Christopher Priest was born in Cheshire, England. He began writing soon after leaving school and has been a full-time freelance writer since 1968. He lives on the Isle of Bute, in west Scotland.
He has published fifteen novels, five short story collections and a number of other books, including critical works, biographies, novelizations and children’s non-fiction.
In 1996 Priest won the James Tait Black Memorial Prize for his novel The Prestige, which later won the World Fantasy Award — the only known occasion when a novel won both a major literary prize and a genre award. His novel The Separation won both the Arthur C. Clarke Award and the BSFA Award. He has been nominated four times for the Hugo award. He has won several awards abroad, including the Kurd Lasswitz Award (Germany), the Eurocon Award (Yugoslavia), the Ditmar Award (Australia), and Le Grand Prix de L’Imaginaire (France). In 2001 he was awarded the Prix Utopia (France) for lifetime achievement.
Christopher Priest was one of the twenty Best of Young British Novelists in 1983, the inaugural year.
In 2006, The Prestige was filmed by Warner Bros. Directed by Christopher Nolan, The Prestige went to No.1 US box office in its first week. It received two Academy Award nominations. It went on to be nominated for many more awards around the world, winning several of them.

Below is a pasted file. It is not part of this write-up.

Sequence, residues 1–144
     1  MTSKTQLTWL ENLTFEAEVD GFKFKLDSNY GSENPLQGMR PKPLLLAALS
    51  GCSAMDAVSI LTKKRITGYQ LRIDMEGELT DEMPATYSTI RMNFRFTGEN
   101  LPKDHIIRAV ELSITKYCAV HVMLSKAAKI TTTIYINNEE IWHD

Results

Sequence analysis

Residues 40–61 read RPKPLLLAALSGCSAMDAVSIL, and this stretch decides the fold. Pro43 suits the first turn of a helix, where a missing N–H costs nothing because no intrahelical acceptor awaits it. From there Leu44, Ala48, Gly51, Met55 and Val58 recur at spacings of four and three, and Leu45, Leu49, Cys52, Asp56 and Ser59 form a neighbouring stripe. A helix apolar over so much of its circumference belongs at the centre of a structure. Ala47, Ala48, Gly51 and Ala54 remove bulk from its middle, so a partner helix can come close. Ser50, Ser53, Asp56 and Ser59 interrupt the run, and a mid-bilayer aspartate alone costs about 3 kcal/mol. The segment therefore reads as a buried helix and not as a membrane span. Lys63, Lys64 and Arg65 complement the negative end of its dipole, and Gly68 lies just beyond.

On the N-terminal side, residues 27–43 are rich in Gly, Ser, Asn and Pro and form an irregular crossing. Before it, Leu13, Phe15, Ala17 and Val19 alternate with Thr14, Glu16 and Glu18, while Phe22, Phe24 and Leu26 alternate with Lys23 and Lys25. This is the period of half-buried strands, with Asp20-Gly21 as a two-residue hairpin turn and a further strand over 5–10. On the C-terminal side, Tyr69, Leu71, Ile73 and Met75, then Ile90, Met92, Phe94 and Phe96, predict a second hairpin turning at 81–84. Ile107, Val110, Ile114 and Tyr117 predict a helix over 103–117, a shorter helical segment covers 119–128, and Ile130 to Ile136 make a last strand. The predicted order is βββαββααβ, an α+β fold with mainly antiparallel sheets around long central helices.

He has written drama for radio (BBC Radio 4) and television (Thames TV and HTV).
Chris Priest’s recent novel An American Story was published in 2018 (in France: Conséquences d’une disparition). A collection of stories, Episodes, was published in the UK in July 2019, along with the paperback edition of An American Story.
In 2007, an exhibition of installation art based on his novel The Affirmation was mounted in London. In 2017, an exhibition of art inspired by his novel The Prestige was mounted at the Eli and Edythe Broad Art Museum, at Michigan State University in East Lansing.
Christopher Priest is Vice-President of the H. G. Wells Society.
As a journalist he has written features and reviews for The Times, the Guardian, the Independent, the Spectator, the New Statesman, the Herald, as well as many different magazines.